Racing: Swinburn survives Soviet show trial: Doncaster St Leger meeting: Stoute stable steals rivals' thunder, as subdued Sacrament drifts

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The Independent Online
THERE were two narrow victories in one race for Walter Swinburn here yesterday as he won both the Kiveton Park Stakes and a subsequent decision in the capricious courtroom of a stewards' inquiry.

A furlong out, the jockey faced the problems of a seamstress as he saw the narrowest of passages through which to thread Soviet Line. The partnership slid audaciously between Maroof and Eurolink Thunder, but a swerve from the latter suggested that Swinburn's victory flourish of the hand as he passed the post could be premature.

When he went in front of the stewards, the rider found, to his astonishment, that the camera appeared to show that he indeed had barged Eurolink Thunder to secure a corridor. 'It definitely looks on film as if he nudged the other horse,' he said during a break in proceedings, 'but I promise you there was no contact.'

At this stage Swinburn thought his evidence (he would have said a double- decker bus could have got through the gap, while his fellow witnesses would have ventured there was not enough space for a double-decker sandwich) was to be dismissed.

The rider emerged from the stewards' room and sliced his finger across his throat, reporting that he would lose the case. The reputation of jockeys being the sport's worst tipsters saw him through, however, and the stablemate of tomorrow's St Leger fancy Sacrament kept the race.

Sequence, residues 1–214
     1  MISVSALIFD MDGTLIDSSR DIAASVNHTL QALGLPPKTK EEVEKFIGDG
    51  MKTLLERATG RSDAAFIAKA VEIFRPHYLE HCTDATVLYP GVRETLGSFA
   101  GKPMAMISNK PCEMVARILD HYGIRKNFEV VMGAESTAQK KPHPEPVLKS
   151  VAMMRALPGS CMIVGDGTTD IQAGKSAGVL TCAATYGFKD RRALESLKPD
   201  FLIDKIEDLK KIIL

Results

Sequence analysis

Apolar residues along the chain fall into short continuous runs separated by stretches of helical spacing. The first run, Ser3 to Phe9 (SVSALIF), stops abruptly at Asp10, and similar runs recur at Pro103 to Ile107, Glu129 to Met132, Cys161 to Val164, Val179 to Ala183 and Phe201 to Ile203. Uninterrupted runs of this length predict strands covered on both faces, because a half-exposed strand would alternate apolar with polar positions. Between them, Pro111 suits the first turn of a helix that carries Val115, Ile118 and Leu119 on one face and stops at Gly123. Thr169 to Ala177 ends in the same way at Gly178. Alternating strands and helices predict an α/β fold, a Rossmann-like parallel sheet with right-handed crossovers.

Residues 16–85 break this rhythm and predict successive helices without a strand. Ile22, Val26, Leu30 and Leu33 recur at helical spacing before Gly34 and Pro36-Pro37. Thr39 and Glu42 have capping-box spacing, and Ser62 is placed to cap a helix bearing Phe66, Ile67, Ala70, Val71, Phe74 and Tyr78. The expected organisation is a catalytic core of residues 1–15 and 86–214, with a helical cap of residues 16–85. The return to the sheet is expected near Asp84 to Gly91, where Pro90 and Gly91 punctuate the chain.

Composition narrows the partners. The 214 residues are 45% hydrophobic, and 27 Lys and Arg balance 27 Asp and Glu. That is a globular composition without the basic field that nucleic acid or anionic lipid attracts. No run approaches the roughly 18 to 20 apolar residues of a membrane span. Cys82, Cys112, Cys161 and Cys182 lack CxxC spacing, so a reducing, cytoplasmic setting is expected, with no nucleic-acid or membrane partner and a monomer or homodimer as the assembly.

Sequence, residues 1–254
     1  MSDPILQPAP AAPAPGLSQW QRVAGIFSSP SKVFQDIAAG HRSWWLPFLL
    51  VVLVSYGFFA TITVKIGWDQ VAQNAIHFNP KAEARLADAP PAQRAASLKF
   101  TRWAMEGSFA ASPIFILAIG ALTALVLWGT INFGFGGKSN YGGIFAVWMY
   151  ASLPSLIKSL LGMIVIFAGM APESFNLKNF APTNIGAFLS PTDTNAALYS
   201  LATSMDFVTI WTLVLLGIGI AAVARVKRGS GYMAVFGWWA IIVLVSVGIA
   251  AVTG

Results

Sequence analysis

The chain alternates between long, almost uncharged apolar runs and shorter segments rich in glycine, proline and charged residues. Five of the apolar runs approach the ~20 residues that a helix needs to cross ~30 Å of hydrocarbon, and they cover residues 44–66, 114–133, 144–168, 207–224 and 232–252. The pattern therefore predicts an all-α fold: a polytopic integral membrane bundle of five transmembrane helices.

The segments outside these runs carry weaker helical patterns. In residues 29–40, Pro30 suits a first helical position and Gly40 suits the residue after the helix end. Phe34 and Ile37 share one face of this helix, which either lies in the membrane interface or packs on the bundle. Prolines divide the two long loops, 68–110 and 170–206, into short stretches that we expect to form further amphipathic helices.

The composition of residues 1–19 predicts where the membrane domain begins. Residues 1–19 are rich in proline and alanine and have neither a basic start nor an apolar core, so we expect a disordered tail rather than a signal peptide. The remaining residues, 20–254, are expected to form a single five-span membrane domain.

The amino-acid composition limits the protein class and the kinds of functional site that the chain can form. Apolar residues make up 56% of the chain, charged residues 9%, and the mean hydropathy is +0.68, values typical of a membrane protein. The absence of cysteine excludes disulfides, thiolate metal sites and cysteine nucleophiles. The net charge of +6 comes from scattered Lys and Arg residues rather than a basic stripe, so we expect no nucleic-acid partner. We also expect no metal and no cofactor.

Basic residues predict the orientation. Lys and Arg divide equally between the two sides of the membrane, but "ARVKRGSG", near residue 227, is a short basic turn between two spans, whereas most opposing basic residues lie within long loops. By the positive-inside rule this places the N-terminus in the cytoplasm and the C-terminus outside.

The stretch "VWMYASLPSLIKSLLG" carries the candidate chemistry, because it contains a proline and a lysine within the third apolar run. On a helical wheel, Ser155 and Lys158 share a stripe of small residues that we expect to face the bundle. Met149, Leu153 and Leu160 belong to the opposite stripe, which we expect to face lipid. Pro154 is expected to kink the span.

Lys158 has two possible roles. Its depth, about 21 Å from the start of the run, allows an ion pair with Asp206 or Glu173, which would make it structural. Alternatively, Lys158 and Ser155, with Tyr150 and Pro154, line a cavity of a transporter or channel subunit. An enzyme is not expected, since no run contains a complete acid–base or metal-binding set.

Sacrament was in fact pushed out in the market yesterday by both Coral and William Hill following reports that the morning gallop of this poor home worker had been particularly lethargic. Michael Stoute, the colt's trainer, was not unduly perturbed by what he saw, however. 'He's never a very impressive horse at home,' he said. 'He's lazy and he wasn't very happy doing a four-furlong sprint this morning, but we're happy with the condition of the horse.'

Another Classic pointer of sorts came when the durable handicapper Quick Ransom ran perhaps the best race of his life to chase home Arcadian Heights in the Doncaster Cup. Much has been made in recent days of a gallop at Middleham in which Quick Ransom provided stiff competition for his stablemate Double Trigger, Mark Johnston's St Leger aspirant. 'He tried to give Quick Ransom three lengths on the gallops and could not get past him,' Johnston said. 'But now we know it was a six-year-old Group horse he was up against.'

Quick Ransom runs next at Ascot's Festival meeting and may then go into quarantine for the Melbourne Cup, for which connections consider the gelding well handicapped. He is a 25-1 chance for Flemington with Coral.

Arcadian Heights is almost certainly finished for the year, though he will be back next season now that his propensity for taking chunks out of anything with a pulse has gone.

Lanfranco Dettori set a pace on Arcadian Heights comparable to the day's Arab race and when they came into the straight with the gelding's tail angled as if something for the roses was about to be produced, swift capitulation seemed imminent. But Arcadian Heights cranked up the momentum and still had reserves as the post disappeared behind him. 'I'm more tired than he is,' Dettori said.

This was a second victory for enterprise following Mamlakah's run from the front in the May Hill Stakes. Harry Thomson Jones, the filly's trainer, seemed unsure about what would be the winner's best trip next year, but was unequivocal about the prospects of Alami in this afternoon's Champagne Stakes. 'He would be some way in front of her at home,' he said. 'So he must run well tomorrow.'

(Photograph omitted)

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